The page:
Empowering women and promoting gender equality
The benefits of replacing kerosene lamps with our lights have some great positive effects on the lives of women and girls, who still are often treated as lesser persons in developing countries.
The women have to get the kerosene
It is mostly the women in the house that have to walk for hours with a small container or even a plastic bag to stand in line to buy some expensive kerosene for the lamps.
Then it is many hours back again, often several times per week.
This time could be spent otherwise: to work at home or for an income, educate the children or just relax.
In sub-Saharan Africa, kerosene is a ‘woman’s fuel’. In rural areas a woman walks many miles to buy kerosene at the market. In urban settlements or slums, she buys it in as little as 10c increments or by the tablespoon. It may be all that she may be able to afford. Because of women’s work inside the home, they are constantly exposed to kerosene and its toxic fumes.
But it is the men who normally make the cash. Up to 25% of all income is needed for kerosene and every time the women have to ask for the money. This often leads to frustration about the fact that the hard-earned money is just being burned and often results in fights and domestic violence. Men often rather spend money on cheap batteries for their radios, leaving the family in the dark.
Once the husband is dead or gone it is very hard for women to independently generate income to feed the hungry kerosene lamps. Often that means they need to find another man with chance of more abuse or stay in the dark risking their personal safety.
The women suffer from the kerosene
Women represent 70% of the rural poor most affected by energy poverty. But more importantly, women are primarily responsible for energy usage at the household level. Clean energy technology will not be adapted on a widespread basis if women are not part of the solution.
As most women and girls spend all day and evening at home, taking care of the household and the smaller children, they spend the most time in the toxic fumes of the kerosene lamps in addition to the smoke of the fires.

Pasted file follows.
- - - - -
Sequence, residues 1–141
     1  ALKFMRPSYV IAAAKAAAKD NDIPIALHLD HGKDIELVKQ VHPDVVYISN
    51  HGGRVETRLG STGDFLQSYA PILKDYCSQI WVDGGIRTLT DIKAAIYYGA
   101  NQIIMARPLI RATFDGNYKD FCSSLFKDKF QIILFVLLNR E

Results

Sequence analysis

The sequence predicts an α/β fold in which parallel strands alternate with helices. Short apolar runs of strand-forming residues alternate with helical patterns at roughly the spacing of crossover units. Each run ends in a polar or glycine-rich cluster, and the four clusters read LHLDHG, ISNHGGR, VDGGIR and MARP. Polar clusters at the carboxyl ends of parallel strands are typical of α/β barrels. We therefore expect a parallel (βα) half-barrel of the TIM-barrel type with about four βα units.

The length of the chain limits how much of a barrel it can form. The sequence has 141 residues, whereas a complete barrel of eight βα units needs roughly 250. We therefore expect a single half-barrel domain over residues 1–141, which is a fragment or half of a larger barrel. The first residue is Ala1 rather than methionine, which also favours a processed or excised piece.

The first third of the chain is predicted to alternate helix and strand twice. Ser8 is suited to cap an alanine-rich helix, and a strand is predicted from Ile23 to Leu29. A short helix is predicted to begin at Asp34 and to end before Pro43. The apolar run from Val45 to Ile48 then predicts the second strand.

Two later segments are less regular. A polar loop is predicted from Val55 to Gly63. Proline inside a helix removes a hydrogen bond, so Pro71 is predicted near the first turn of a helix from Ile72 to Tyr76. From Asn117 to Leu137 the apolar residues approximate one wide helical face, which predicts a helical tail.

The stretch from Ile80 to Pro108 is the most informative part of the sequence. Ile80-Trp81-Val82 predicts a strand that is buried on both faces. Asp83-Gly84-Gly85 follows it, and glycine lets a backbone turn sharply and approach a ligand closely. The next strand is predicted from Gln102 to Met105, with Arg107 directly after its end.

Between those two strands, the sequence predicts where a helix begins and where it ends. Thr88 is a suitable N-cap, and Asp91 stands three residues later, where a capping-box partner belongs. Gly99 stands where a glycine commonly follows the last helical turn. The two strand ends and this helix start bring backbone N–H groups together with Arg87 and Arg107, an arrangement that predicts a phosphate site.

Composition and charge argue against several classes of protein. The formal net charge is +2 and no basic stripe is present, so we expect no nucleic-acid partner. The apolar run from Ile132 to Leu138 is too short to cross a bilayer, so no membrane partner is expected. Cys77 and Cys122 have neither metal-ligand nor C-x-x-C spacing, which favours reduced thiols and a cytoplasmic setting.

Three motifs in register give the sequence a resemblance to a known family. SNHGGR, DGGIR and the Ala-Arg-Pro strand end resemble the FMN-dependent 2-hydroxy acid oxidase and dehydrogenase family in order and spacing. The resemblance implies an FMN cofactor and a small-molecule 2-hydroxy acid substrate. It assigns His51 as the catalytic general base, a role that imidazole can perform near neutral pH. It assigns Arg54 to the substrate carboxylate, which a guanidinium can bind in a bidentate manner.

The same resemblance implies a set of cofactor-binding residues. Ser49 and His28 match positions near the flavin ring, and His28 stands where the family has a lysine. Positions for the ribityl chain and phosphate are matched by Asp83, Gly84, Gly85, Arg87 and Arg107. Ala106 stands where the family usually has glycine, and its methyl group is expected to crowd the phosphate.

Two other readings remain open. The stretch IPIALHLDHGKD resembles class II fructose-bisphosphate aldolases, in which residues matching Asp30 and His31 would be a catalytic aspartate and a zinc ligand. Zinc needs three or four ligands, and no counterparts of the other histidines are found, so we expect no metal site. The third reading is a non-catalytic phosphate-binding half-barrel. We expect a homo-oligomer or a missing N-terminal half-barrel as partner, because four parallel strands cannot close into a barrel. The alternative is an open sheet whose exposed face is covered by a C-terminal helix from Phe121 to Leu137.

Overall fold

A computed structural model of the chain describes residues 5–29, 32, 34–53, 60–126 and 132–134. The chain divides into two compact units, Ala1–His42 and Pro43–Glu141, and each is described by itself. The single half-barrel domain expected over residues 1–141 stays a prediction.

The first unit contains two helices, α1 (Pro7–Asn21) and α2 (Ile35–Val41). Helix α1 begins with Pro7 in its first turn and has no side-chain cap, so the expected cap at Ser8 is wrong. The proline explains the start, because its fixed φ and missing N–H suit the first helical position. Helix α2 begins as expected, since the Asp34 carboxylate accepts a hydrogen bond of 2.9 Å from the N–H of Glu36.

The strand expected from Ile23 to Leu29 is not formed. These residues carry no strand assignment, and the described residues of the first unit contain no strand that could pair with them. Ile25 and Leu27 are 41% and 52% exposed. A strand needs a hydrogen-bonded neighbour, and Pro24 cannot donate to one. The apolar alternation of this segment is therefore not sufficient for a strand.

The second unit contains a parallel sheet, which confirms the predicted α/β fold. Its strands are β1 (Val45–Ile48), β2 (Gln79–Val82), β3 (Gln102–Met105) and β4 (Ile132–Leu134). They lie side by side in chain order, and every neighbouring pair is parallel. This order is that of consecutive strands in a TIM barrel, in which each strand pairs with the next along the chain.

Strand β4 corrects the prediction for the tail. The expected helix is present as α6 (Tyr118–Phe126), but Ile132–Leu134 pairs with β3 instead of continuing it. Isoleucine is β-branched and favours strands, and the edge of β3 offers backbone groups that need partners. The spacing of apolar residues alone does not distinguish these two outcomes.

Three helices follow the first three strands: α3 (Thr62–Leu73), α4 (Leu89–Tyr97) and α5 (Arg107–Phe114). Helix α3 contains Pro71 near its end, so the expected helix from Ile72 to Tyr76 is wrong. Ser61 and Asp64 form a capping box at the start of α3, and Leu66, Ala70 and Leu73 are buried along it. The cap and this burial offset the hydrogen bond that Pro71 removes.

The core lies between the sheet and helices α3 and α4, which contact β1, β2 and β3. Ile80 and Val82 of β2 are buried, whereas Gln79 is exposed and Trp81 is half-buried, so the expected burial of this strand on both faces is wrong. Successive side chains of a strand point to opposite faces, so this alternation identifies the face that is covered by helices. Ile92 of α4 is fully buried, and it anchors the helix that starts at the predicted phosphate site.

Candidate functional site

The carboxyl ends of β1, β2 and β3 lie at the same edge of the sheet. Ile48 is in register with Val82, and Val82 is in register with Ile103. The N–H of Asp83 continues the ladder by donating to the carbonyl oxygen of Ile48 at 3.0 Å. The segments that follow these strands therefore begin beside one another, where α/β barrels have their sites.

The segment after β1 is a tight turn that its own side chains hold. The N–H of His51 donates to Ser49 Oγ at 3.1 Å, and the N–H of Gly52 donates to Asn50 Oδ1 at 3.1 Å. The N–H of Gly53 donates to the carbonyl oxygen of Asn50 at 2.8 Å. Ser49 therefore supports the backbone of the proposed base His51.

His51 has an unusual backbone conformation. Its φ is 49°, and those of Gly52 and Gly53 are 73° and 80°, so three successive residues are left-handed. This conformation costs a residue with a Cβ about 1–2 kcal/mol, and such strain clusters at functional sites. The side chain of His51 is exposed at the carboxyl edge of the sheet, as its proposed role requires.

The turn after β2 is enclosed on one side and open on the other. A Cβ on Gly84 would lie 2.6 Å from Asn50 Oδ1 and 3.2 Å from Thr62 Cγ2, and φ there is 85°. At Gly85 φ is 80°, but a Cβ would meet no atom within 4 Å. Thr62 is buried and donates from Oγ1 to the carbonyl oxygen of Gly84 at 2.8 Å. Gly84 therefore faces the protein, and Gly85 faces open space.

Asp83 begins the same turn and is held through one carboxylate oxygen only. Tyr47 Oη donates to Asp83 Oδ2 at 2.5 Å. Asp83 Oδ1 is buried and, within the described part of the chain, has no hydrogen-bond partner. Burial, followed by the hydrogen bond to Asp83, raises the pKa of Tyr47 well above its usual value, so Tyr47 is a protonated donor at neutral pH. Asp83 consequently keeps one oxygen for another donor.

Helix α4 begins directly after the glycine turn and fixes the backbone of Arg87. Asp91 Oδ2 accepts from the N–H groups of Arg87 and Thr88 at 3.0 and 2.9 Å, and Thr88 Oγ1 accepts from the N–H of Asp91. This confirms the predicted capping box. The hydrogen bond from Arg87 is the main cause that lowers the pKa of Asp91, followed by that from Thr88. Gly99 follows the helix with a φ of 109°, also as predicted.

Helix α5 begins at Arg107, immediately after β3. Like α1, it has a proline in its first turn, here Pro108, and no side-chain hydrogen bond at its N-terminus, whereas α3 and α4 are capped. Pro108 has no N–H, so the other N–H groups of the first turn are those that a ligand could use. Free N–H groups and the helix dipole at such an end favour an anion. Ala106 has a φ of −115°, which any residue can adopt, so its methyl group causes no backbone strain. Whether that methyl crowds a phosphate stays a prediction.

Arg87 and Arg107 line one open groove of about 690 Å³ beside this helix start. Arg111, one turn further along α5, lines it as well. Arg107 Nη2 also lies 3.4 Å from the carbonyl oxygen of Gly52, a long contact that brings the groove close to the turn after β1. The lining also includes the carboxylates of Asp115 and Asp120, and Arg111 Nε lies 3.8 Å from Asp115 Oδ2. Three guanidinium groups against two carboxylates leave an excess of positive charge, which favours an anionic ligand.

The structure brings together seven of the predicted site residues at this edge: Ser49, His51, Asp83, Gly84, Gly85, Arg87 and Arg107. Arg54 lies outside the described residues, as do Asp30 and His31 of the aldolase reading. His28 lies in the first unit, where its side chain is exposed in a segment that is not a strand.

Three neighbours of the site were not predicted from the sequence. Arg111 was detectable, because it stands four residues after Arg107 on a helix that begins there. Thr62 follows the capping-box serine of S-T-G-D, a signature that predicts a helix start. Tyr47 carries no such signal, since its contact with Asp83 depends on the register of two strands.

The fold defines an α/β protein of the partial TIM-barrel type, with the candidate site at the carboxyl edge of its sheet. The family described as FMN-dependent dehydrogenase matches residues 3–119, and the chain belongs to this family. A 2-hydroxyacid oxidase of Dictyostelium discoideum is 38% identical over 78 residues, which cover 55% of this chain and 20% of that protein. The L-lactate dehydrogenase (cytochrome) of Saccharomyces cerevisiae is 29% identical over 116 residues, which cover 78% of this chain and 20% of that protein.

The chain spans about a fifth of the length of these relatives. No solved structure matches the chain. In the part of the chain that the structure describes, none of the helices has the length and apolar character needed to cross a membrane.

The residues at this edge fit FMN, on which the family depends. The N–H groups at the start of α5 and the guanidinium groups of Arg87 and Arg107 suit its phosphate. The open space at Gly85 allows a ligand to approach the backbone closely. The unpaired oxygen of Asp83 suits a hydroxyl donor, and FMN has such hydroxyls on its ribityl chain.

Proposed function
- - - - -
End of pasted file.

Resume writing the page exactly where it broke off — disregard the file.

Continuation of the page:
In Nepal, UC Berkeley researchers found the odds of having Tuberculosis were more than nine times greater for women using kerosene lamps for indoor lighting, rather than electricity. (Berkeley.edu)
In many cultures women are not allowed to breastfeed their babies and have to do it inside the dark houses, not seldomly close to a kerosene lamp. If there is only money to send one child to school, then often it is the boy, the girls stay at home.
Of course that also means that often women and girls are the victims of fires which can not only lead to physical pains but also to divorce as a burned woman is considered less.
The same gender bias is true for the limited ‘reading time’: if there is only enough money to have 2 hours of kerosene-powered lamps, then it will be the father and then the boys who will be able to use it.
Just adding extra ‘light time’ and even extra lights for no extra costs, but savings instead will greatly improve the position of women and girls. There is a reason that many photos and stories of our light in use show happy women: they know the value of light and the positive impact it can have on their lives. We will actively try to empower the women and level the gender inequality.
Women use light
Simply said: it is the women that need the light the most. They spend more time inside and do more things that require light. But women and girls do not want to work all the time. Everybody needs time to relax and socialize as well, and our light provides the much needed opportunity.
The following video shows some of the impacts of solar lights on lives in India. These are not our lights, but we support each and every initiative that helps us reach our goals.
- 1 Alleviate poverty Reduce poverty by saving 25% of household costs!
- 2 Health benefits removing toxic and dangerous kerosene from households
- 3 Prevent fire hazards Kerosene lamps are leading cause of house fires
- 4 Enabling education Students can study better & longer, more money for books
- 5 Save our planet Stop global warming, deforestation and pollution
- 6 Increase income Light at night can create additional income streams
- 7 Empowering women LED lights create a brighter future for women and girls
- 8 Empower communities Light generates joint income, offers new possibilities
- 9 Increase safety bringing light in houses and community
- 10 Solar education Teach students and entrepreneurs about solar